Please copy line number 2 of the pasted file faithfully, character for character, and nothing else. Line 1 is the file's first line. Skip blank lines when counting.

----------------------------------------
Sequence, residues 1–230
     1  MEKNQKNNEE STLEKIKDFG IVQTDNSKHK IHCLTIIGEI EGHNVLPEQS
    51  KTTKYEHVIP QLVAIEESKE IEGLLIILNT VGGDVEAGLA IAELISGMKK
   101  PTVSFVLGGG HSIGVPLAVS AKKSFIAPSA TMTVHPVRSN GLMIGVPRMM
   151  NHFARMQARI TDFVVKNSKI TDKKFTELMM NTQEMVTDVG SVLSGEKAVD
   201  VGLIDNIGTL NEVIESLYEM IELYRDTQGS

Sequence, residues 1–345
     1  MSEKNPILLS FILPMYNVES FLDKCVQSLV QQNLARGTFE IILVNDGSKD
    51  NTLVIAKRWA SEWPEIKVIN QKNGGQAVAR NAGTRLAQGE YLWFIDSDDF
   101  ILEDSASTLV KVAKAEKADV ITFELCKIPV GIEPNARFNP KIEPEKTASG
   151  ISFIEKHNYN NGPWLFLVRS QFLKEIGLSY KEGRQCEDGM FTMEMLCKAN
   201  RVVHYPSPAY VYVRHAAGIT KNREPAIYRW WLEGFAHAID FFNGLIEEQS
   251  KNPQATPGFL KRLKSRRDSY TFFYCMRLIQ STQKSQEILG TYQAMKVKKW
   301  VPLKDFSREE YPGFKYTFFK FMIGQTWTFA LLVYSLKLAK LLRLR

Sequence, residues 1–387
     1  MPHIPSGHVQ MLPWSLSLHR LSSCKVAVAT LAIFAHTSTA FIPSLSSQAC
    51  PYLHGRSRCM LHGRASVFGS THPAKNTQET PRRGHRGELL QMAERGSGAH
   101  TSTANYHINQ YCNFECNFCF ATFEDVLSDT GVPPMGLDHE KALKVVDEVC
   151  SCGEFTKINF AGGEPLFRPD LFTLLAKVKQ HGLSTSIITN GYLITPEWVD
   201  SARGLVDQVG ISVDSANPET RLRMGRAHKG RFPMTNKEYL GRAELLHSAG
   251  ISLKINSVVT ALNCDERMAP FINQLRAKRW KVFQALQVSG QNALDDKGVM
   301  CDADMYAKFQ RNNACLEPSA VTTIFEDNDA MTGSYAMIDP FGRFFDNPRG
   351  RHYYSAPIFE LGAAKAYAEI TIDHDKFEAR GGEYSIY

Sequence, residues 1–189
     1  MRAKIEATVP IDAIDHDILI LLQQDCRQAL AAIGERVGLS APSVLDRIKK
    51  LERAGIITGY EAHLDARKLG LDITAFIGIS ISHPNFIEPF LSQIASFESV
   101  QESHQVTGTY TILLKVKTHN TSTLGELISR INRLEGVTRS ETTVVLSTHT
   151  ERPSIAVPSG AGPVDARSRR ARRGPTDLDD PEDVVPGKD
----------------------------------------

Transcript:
     1  MEKNQKNNEE STLEKIKDFG IVQTDNSKHK IHCLTIIGEI EGHNVLPEQS